Oh what a night

Photo: Ready to go. One of my cycling buddies said I looked like a character from a horror movie. Thank you S.

That was the hardest thing I’ve ever done on a bike. Having taken up cycling three years ago I have said that a few times, but each time it’s true. This time it was completing the Randonnée della Fortuna. A 300k audax, starting at 22:00 in the Adriatic town of Fano, with 5,430 metres of climbing. That’s brutal.

It was a weekend of firsts. My first Audax after joining Audax UK, my first night ride, my first use of a hub dynamo, my first official step towards qualifying for Paris-Brest-Paris in 2019.

I was really excited during the day but I did manage a couple hours kip in the evening to prepare for a sleepless night. I arrived at the start to be welcomed by many of my Italian club friends who turned out to surprise me and see me off. I must admit to have been touched by their support. As we left the Piazza in Fano they cheered me on. An Italian asked if I was famous. Not really, just the only foreigner in the entire field. Worth remembering the only foreigner bit – it comes up later in this story.


We headed off en masse. The local police stopped the traffic so we could ride out of Fano not having to worry about cars and traffic lights. I felt like a proper cyclist. We remained as a single group until the first climb which spread the field into many groups. I watched a group of experienced randonneurs head off into the darkness.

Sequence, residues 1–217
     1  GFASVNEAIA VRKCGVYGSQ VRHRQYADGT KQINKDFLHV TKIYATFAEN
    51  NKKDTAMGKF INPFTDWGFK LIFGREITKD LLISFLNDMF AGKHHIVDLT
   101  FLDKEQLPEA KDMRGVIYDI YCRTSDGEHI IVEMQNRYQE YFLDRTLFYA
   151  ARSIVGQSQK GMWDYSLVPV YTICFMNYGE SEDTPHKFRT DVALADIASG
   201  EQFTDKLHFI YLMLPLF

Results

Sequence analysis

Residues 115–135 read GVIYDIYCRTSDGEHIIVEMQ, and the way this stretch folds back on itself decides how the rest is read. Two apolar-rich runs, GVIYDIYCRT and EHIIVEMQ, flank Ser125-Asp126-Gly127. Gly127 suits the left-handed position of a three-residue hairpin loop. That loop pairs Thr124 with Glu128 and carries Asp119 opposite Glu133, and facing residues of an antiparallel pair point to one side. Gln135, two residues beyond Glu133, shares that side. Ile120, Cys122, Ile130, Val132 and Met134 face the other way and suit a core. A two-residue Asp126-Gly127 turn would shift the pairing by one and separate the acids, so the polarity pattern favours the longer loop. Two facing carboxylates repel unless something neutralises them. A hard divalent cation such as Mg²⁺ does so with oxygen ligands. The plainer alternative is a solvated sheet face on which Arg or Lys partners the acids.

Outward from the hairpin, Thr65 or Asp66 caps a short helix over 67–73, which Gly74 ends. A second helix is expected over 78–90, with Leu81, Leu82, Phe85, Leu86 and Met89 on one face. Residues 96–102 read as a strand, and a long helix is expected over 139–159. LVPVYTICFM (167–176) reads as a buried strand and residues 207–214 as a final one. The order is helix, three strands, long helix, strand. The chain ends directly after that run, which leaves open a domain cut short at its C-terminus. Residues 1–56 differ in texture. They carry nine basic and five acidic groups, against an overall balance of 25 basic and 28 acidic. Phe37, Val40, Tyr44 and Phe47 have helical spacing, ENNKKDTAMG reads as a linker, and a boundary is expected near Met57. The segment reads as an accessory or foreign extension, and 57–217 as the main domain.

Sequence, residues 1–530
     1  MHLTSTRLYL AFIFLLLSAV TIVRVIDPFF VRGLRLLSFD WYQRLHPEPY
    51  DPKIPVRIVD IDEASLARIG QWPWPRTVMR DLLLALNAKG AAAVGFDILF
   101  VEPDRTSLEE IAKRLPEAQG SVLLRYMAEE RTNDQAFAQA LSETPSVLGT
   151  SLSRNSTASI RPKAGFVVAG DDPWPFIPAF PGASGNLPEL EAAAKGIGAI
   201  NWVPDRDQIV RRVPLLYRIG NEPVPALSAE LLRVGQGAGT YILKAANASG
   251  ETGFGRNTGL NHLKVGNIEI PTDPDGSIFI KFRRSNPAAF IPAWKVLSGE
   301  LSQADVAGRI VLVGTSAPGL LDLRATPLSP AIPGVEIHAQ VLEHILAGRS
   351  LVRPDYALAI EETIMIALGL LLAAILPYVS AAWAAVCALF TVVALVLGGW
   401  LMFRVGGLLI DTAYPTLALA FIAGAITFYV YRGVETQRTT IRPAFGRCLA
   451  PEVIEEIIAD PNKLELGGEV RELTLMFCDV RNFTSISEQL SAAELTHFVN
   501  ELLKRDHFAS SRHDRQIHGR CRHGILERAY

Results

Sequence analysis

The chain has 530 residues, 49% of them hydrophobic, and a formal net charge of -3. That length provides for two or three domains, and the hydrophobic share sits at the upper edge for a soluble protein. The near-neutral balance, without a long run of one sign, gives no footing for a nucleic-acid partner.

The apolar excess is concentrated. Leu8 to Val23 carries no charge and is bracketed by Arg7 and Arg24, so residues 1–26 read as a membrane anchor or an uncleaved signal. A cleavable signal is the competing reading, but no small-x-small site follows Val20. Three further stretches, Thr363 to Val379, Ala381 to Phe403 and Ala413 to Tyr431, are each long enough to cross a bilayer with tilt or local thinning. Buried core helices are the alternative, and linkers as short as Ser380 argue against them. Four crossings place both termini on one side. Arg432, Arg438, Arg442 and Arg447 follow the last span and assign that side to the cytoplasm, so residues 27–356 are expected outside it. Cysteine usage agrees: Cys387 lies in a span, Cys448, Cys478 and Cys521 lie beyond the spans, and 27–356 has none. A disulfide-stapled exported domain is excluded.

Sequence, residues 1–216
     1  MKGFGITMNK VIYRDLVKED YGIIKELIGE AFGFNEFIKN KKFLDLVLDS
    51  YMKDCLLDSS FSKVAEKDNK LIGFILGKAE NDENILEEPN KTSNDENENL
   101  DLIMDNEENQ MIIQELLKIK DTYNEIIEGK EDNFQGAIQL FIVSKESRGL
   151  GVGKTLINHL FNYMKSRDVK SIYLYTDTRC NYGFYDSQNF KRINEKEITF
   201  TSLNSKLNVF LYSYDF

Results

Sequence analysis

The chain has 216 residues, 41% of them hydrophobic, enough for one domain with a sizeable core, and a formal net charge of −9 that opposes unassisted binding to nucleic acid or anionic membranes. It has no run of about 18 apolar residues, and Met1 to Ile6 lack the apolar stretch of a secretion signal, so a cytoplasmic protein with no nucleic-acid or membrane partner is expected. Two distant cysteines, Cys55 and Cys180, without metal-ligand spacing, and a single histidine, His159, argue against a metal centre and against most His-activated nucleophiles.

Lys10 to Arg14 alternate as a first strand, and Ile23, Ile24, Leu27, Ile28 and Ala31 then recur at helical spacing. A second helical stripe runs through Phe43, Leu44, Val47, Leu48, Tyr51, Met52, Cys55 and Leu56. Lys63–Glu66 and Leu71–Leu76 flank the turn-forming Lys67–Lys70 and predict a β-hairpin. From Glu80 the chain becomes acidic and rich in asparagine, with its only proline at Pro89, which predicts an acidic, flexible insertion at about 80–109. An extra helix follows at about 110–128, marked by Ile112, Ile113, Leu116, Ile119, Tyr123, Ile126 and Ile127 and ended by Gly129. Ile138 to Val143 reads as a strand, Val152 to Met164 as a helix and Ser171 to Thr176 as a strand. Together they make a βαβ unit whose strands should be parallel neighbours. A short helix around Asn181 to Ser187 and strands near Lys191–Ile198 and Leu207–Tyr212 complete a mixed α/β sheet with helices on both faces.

After the first climb a rider introduced himself as Fausto, as in the famous Coppi. He asked permission to follow me. He admitted that he had no navigation for the ride. He had a Garmin but had only bought it a week before and didn’t know how to use it. I was a beginner but now I had responsibility for another rider.

We got to the first control in Urbino. It’s a university town as was very lively with students. They wanted to know what we were doing. “Why?” was the universal response. A good question.

At the control I spotted an old boy with his old school navigation. No navigational computer for him. Just a home made board with bulldog clips to keep the Roadbook on. Fantastic.


We formed a much bigger group for the next section which started with a long descent. I learnt how to descend in the dark. A long single line, evenly spaced. I noticed that other riders left a gap equivalent to the main range of their light, using the light from the rider in front to provide the maximum amount of continuous illumination. No one changed positions. Getting down safely was the priority.

Once down we rode along the valley floor. Four of us were faster than the rest so we split from them. Fausto was in the other group so now others would have to help him get round.

The four of us started the climb to Carpegna. Bearing in mind we started at sea level and we’d already climbed two hills and valleys we had to get up to 815m just to start Il Cippo. At the control in Carpegna, 97.5km, we were stamped in at 03:27. Five and a half hours had elapsed. The combination of the climbing and the time spent at the first control meant we were just over an hour ahead of the control closure.